Stage Four Prostate Cancer Patient Survival Story with Naturopathic Medicine

Dr. Lisa Price
Naturopathic Medicine
Very Poor Poor Fair Good Very Good
San Diego, California, United States
 20 years exp 
August 21, 2019
56 YearsMaleWhite

Medical Condition:

Cancer Care


Naturopathic Medicine

Type of Outcome:

Very Poor Poor Fair Good Very Good

Medical History:

Many years ago, a stage IV prostate cancer patient, who I will call Stan, came to me for complementary care. I have been fortunate to work in cancer centers that are progressive and honor the importance of safe alternative therapies in conjunction with conventional medicine. Stan was receiving the best treatment from the best oncology team and even went out of state to another prestigious cancer treatment center to get another opinion. The first and second opinions matched. Both center's oncologists noted that data for his diagnosis wasn't favorable for long term survival; thus, it was highly unlikely his cancer would ever reach the much desired'NED' status (No Evidence of Disease). Stan and his wife were not deterred. 

Case Management:

They persisted, after the prescribed conventional treatment plan, as well as complying with the complementary strategy I supplied. My plan included safe supplementation, dietary support, behavioral alterations, mind-body treatments, and exercise. Stan, I must mention, is also deeply religious and insatiably curious, as is his wife.

As the weeks and months progressed, Stan maintained the treatment protocols and made it through therapy with very few side effects. In and of itself, having only a small amount of side effects during treatment was an enormous accomplishment.

The time for him to be scanned came, and the results revealed NED. He was elated, and his oncology team was baffled. Statistically, this wasn't supposed to happen. Because this was not normal', his case was sent to many tumor boards to ascertain what to do next. Because of this, Stan was assessed frequently in the initial months and proceeding months after another scan, and he retained his NED status.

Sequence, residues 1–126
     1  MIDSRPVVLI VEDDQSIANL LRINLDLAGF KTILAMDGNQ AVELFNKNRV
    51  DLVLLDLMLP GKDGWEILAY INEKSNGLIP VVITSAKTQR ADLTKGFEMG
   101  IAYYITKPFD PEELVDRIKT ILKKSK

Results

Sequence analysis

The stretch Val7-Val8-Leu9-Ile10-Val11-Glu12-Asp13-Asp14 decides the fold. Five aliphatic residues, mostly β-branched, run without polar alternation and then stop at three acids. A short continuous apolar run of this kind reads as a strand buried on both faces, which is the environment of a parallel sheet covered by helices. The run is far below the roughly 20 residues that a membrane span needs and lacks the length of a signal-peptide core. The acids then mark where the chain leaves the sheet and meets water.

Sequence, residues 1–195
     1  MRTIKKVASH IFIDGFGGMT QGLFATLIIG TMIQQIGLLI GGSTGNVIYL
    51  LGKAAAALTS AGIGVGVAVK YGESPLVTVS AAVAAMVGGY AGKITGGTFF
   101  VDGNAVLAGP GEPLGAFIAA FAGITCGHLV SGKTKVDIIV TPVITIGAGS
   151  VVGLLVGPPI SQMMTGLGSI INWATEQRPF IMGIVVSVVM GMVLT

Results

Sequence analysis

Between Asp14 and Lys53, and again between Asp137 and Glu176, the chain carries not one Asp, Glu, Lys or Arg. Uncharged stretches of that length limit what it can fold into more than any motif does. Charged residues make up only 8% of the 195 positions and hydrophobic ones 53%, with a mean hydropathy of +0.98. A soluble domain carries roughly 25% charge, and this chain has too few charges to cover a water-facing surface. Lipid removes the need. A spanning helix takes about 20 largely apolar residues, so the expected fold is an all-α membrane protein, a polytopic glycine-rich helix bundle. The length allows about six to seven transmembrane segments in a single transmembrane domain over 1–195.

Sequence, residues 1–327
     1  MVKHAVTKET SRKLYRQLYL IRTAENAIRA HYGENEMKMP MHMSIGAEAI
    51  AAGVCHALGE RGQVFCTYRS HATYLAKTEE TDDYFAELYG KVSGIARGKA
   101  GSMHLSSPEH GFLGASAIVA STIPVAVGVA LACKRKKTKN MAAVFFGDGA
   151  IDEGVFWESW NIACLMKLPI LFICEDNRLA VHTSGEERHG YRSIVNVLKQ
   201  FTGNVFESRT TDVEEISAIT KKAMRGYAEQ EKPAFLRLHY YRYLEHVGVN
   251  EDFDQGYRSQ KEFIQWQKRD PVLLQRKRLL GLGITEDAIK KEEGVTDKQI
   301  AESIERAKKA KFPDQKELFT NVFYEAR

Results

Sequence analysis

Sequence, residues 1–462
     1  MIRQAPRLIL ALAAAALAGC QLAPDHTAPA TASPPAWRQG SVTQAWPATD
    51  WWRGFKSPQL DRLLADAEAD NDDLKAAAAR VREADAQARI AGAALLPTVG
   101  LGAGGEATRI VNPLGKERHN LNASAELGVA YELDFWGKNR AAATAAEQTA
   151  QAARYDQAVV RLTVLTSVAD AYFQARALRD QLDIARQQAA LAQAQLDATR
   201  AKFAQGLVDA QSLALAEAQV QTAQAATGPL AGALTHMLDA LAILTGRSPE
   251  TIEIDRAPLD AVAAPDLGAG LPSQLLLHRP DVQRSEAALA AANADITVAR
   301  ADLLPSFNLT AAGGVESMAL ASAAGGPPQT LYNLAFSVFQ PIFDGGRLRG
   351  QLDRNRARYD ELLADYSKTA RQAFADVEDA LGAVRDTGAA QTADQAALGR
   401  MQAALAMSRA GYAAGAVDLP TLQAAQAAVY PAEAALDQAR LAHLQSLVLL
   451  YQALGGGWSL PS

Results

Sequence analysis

Knowing that my patients are my best teachers, I asked Stan what he believed made the difference. His reply: "I do not believe it was just 1 thing or one mode of treatment. I think it was a million points of light that coalesced to create healing."

His words had a profound and instrumental impact on me. They concisely articulated my observations in hundreds of patients since practicing for more than a decade in traditional settings: all these therapies matter to the health, well being and outcomes of our patients.

Like Stan, there are lots of patients who get unlikely No Evidence of Disease (NED) diagnosis, as well as patients living long term with cancer. In fact, in the past several years the rate of remission and stabilization has increased so significantly that a newly recognized phase of treatment has been added called survivorship. I can not stress enough how important an integrative approach to treatment matters.